The Main page contains an overview of the content and links out to other pages, which each deal with a specific concept in more detail. This approach also allows you to share content between several different articles on your site. It might be that you have a common page describing your returns policy for instance, rather than including that text in every page of the site, splitting by level of detail allows you to link to that returns policy page from many different articles on the site. By thinking about what type of content you have on your site, you can quickly work out which page style to use. Of course, you aren't tied in to using just one type of content arrangement on your site.

You can make some pages Linear, some Sequential, and some Detail based. The important thing is to make sure that you have consistency between different pages of the same type.

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This video is part of

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User Experience Fundamentals for Web Design

52 video lessons · 26476 viewers

Chris Nodder
Author

 
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  1. 1m 7s
    1. Welcome
      1m 7s
  2. 4m 37s
    1. Building a site for your visitors
      1m 29s
    2. Understanding how people browse the web
      45s
    3. It's all about information
      48s
    4. What causes people to leave sites?
      1m 35s
  3. 3m 50s
    1. Simple design
      1m 9s
    2. Consistent design
      1m 11s
    3. Standard design
      1m 30s
  4. 20m 55s
    1. Elements of navigation
      1m 21s
    2. Content has a structure
      2m 18s
    3. Understanding menus
      3m 19s
    4. Reviewing some menu myths
      2m 4s
    5. Working with site maps
      1m 5s
    6. Adding search to your site
      2m 53s
    7. Understanding links
      3m 43s
    8. Exploring clickable elements
      1m 18s
    9. Understanding Fitts's Law
      2m 54s
  5. 11m 19s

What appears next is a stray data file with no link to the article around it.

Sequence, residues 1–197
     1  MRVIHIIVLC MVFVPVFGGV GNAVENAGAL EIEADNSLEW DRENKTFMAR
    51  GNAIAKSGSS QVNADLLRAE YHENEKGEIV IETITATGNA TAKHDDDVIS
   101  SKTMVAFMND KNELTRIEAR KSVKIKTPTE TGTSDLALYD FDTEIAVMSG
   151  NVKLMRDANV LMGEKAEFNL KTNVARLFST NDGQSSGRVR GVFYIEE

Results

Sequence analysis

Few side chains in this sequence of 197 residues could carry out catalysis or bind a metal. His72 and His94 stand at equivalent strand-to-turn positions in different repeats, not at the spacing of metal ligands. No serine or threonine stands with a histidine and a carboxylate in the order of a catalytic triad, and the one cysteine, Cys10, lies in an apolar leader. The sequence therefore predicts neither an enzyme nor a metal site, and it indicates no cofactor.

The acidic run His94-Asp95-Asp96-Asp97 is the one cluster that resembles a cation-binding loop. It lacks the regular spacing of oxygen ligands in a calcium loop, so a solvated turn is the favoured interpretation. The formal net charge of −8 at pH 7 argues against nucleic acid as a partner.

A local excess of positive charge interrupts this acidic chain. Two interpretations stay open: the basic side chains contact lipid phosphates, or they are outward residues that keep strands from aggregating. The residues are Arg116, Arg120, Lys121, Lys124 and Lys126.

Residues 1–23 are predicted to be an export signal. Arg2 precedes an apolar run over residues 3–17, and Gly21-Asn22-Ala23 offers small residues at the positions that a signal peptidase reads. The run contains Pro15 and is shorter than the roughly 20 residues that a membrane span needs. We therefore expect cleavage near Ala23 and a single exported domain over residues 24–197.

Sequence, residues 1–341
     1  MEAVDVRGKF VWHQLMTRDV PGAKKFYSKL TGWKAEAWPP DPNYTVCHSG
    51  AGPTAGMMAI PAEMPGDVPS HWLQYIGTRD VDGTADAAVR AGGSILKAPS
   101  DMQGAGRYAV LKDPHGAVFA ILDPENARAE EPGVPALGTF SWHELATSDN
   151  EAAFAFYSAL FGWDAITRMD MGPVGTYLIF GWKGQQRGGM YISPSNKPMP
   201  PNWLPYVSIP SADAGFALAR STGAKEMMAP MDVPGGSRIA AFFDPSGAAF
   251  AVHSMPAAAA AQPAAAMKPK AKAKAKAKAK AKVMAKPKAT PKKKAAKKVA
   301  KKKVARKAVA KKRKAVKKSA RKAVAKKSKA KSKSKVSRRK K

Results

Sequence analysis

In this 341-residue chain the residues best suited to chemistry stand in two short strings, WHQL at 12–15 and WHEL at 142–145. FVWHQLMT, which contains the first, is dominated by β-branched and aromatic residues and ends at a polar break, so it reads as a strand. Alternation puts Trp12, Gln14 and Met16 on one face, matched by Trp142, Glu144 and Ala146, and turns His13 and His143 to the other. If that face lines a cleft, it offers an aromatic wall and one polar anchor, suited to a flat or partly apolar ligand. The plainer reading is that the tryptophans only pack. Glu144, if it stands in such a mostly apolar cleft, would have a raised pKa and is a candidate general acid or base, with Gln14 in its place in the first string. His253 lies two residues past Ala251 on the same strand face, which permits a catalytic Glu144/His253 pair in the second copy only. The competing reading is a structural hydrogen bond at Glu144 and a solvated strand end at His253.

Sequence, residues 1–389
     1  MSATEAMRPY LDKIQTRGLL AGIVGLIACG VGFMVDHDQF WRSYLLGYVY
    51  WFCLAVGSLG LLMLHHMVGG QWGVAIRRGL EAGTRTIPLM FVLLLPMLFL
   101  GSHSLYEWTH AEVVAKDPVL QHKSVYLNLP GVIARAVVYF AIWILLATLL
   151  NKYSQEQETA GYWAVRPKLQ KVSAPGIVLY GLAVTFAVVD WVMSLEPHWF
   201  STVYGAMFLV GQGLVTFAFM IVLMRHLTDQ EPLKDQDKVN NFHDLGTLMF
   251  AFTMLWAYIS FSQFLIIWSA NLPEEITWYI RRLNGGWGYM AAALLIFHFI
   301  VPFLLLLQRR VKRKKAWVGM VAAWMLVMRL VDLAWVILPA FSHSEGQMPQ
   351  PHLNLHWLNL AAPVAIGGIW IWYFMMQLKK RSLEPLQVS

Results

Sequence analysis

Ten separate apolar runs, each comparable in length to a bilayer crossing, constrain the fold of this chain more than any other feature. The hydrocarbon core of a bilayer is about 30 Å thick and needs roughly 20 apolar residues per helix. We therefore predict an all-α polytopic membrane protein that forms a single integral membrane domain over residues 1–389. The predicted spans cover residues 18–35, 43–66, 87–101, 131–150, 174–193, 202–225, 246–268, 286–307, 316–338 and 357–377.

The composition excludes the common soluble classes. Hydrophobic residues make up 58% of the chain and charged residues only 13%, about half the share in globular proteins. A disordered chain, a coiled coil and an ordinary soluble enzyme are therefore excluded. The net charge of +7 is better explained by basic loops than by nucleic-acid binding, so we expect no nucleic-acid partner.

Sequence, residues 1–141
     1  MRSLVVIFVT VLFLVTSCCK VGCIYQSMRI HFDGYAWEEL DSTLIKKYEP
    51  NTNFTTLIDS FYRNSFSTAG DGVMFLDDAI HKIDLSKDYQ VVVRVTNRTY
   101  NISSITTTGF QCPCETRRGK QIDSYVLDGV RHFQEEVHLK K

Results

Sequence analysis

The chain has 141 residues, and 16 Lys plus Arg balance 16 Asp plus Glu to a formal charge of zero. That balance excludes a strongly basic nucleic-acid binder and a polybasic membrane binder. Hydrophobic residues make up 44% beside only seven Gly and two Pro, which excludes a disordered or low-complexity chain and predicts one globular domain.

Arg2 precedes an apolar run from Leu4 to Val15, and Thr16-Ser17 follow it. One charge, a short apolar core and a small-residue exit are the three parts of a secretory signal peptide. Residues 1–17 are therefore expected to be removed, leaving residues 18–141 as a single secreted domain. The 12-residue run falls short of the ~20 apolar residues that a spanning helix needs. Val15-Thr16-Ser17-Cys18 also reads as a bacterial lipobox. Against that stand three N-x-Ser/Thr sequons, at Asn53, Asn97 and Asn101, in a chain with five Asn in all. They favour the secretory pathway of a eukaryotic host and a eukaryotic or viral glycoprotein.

1. People can begin from any page on your site
      1m 24s
    2. Elements every web page should have
      3m 25s
    3. Creating progressive navigation
      3m 22s
    4. Arranging your content
      3m 8s
  6. 8m 7s
    1. How people read on the web
      2m 31s
    2. Writing for information exchange
      1m 43s
    3. Formatting pages for information exchange
      3m 53s
  7. 7m 21s
    1. Using your homepage as a site summary
      1m 50s
    2. Creating fresh content
      1m 20s
    3. Displaying navigation and search
      1m 25s
    4. The five-second test
      2m 46s
  8. 8m 8s
    1. Showing people what you've got
      3m 50s
    2. Making comparisons easy
      1m 24s
    3. Creating landing pages from ad campaigns
      2m 54s
  9. 11m 22s
    1. The real purpose of detail and product pages
      1m 16s
    2. Writing descriptive text
      2m 4s
    3. Using images to set context
      2m 17s
    4. Showing the price for products
      2m 27s
    5. Have a call to action
      1m 36s
    6. About Us: a special detail page
      1m 42s
  10. 10m 58s
    1. Ask for information in context
      2m 25s
    2. Making forms as painless as possible
      2m 34s
    3. Creating form fields
      3m 37s
    4. Handling errors gracefully
      2m 22s
  11. 9m 9s
    1. Using different types of media
      1m 55s
    2. Simple question: Does it enhance the experience?
      2m 15s
    3. Using graphics for explanation, not decoration
      1m 17s
    4. What is interactive content?
      1m 58s
    5. Laying out your page for media
      1m 44s
  12. 5m 3s
    1. Making money without selling out
      1m 37s
    2. Adding graphical ads
      2m 10s
    3. Creating text ads
      1m 16s
  13. 3m 42s
    1. Simple, consistent, and standard design
      2m 4s
    2. Consider your users and you'll be fine
      1m 38s
  14. 1m 31s
    1. More resources
      1m 31s